The word mandala comes from a Sanskrit word that means ‘circle’ or ‘center’. The ‘circle’ here means that everything is cyclic whether it’s a life cycle or natural cycle and life is never-ending.
It is an arrangement of symbols that represents the universe with both inner and outer world.It holds spiritual and ritual importance. It establishes a sacred space and is used as a guiding tool for various Asian practices including meditation and yoga. Its purpose is to transform ordinary minds into enlightened ones and help in healing.
It also represents the spiritual journey from outside to the inner core.
A mandala is depicted in various shapes as per different cultures and religions. It can be a painting or a scroll or created in colourful sands. In religions like Hinduism, Buddhism, Jainism and Shintoism it is used as a map representing deities , paradises or shrines.
In Tibetan mandala is known as Khyil-khor which means the center of all creation where a truly awakened being lives.
In Buddhism mandalas represent the ideal form of the universe where different parts of the universe show different aspects of buddhist teachings. The act of creating a mandala depicts the transformation of the universe from a reality of craving,ignorance and suffering to one of wisdom, inner peace and enlightenment.
The most basic form of mandala is a circle contained in a square which is arranged in various sections along with four T shaped gates along a single, center point which denotes the beginning stage .
The three most common types of mandalas are:
1) Teaching Mandala: A person creates his or her mandala depicting a visual symbolization of everything they have learned and each shape, line, colour represents a different philosophical and religious aspect.
2) Healing Mandala: They induce a feeling of relaxation spiritually by removing unpleasant thoughts from disturbed minds and helps in achieving mental peace when combined yoga and meditation.
3) Sand Mandala: Buddhist monks and Navajo culture use the sand mandala as a religious element. They have an intricate design and depict an enlightened state of Buddha. After it’s creation a sand mandala is demolished within a short time to convey a belief that nothing is permanent in life.
Mandala includes following key symbols of buddhism :
- Wheel with eight spokes: The eight spokes represent the Eightfold Path of Buddhism which consist of eight practices : right view, right resolve. right speech, right conduct,right livelihood. right effort, right mindfulness and right samadhi.
- Lotus Flower: The symmetry of this symbolizes balance. As lotus grows out in muddy water and blooms into beautiful flowers similarly a human being can rise and transform life to achieve spiritual awakening.
- Sun: Sun is a vital part of the universe which tends to symbolize life and energy.
- Bell: Bell represents openness and emptying of the mind so that one can live in the moment and receive wisdom and clarity of Buddha
Five universal shapes of Mandala:
- Circle: A circle indicates a never ending energy and symbolizes infinity, unification,harmony and wholeness. It shows that we live in a never ending circular pattern where night comes after day and months turn to years.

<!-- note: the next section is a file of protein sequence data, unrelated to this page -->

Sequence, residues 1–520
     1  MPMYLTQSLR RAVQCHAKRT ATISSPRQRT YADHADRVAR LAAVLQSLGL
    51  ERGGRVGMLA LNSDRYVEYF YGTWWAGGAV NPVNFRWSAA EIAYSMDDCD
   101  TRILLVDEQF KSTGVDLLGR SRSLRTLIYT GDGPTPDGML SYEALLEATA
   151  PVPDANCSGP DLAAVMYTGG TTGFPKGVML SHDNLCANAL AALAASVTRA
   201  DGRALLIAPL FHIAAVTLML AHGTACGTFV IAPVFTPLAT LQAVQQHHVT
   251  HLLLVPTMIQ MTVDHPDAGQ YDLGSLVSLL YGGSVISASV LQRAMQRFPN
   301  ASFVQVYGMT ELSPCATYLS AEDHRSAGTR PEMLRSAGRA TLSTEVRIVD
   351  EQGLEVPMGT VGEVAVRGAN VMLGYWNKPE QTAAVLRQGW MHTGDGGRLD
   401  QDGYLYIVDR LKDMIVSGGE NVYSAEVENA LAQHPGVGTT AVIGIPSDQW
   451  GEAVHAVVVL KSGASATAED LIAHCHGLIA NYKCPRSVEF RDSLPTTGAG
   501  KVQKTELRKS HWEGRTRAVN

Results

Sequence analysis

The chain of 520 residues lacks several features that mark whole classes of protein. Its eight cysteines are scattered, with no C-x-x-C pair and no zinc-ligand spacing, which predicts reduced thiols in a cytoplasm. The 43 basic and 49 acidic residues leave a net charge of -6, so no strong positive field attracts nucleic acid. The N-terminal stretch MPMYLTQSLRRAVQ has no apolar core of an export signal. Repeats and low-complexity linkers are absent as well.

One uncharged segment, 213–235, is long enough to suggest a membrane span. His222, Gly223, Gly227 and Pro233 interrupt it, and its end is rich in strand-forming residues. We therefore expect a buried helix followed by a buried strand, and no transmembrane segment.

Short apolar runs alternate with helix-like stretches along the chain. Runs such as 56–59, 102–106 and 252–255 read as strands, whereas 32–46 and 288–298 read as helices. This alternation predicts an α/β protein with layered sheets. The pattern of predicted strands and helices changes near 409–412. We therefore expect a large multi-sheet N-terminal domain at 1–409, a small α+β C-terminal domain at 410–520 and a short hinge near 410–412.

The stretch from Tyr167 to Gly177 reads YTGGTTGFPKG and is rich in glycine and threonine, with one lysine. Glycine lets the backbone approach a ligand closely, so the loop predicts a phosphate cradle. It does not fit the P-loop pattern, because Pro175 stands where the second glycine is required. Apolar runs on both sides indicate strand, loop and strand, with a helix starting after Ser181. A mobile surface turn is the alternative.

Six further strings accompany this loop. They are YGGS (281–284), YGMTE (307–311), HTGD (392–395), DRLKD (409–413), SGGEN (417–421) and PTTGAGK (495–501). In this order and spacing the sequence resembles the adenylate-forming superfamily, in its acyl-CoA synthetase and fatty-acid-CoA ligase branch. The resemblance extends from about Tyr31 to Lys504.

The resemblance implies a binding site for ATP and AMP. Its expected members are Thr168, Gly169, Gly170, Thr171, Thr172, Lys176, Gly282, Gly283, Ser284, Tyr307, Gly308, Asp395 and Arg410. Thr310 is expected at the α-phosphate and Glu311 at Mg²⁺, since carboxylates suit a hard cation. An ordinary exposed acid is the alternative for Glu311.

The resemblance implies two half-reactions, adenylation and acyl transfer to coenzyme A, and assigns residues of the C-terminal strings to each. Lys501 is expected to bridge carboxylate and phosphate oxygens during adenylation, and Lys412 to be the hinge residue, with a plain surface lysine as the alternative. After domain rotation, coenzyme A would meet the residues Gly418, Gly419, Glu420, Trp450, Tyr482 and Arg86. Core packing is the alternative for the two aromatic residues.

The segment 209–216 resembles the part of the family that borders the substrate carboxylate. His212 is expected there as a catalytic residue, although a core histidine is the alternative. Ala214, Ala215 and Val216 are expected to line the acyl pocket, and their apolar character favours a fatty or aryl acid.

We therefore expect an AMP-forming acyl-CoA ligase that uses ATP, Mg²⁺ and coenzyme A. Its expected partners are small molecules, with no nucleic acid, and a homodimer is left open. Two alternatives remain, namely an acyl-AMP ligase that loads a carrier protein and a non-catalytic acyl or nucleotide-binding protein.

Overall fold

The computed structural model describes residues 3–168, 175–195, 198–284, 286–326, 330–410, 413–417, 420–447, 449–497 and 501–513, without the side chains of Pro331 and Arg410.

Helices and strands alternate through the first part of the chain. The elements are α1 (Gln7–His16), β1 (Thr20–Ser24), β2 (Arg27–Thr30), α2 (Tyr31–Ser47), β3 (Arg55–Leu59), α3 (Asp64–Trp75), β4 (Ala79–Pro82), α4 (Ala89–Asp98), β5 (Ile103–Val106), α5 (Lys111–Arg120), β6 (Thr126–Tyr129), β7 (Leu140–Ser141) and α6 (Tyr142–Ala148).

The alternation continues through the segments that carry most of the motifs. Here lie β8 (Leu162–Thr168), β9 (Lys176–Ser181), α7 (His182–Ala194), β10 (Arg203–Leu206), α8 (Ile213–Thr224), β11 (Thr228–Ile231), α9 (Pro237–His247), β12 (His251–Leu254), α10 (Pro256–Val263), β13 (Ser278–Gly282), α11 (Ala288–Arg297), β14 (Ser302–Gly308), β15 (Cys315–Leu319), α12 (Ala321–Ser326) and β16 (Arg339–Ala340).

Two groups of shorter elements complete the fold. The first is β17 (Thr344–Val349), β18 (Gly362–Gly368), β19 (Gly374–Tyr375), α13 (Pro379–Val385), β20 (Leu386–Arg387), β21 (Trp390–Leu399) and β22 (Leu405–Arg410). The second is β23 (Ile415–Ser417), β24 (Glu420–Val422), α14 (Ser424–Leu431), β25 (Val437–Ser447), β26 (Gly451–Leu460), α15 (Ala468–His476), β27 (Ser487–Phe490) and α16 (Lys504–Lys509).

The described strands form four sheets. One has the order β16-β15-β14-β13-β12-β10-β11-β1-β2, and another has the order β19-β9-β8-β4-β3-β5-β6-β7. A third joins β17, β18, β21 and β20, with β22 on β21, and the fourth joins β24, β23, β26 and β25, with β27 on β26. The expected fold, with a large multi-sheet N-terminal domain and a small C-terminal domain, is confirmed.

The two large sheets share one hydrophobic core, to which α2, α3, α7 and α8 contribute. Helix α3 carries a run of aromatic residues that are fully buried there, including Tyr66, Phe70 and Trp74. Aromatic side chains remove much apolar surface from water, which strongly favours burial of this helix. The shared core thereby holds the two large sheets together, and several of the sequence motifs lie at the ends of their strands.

- Square: A square is a symbol of earth and represents groundness, stability and security. and stillness. It gives a sense of being grounded and balanced in life,
- Triangle: It symbolizes goals, dreams and purpose. The upward facing triangles represent action and energy towards spirituality whereas the downward facing depicts creativity and pursuit of spiritual knowledge.
- Equidistant cross: It symbolizes relationships, integration and connection. It shows that we are all part of this universe and somehow are connected to each other.
- Spiral: It symbolizes growth and evolution. It shows that journey through life is a cyclic process where we go to familiar places with different perspectives and always see things in a new light.
Mandalas are powerful tools that can be used to provide solace. In recent times the usage of mandalas for therapeutic and healing purposes is being practised with wonderful results.
Mandala art therapy is one such therapeutic way where a trained therapist guides his clients who are suffering from mental illnesses to use mandalas in various artistic ways in order to regain their mental stability and peace. Here mental illnesses include depression, anxiety disorder, stress disorder, post traumatic stress disorder, grief, anger management issues, addiction.
Various ways used in this therapy:
- Mandala Meditation: In this a person chooses a mandala which attracts him or her the most.After selecting the mandala the said person will start by focusing on the center through which one will enter the mandala. As a person gets absorbed in intricate design he or she will start feeling light and at peace.
- Creating Mandala: In this a person is asked to create it’s own mandala that represents his or her emotional state. A mandala provides a clear picture of a person’s state of mind. This brings tranquility.
- Colouring Mandala: In this a person is asked to colour mandala whether it’s created by him or not. This gives a sense of calmness and is a soothing experience.
Mandala art therapy helps in achieving cerebral balance by helping in balancing the parameters of psychological well being and can work wonders for both adults and children.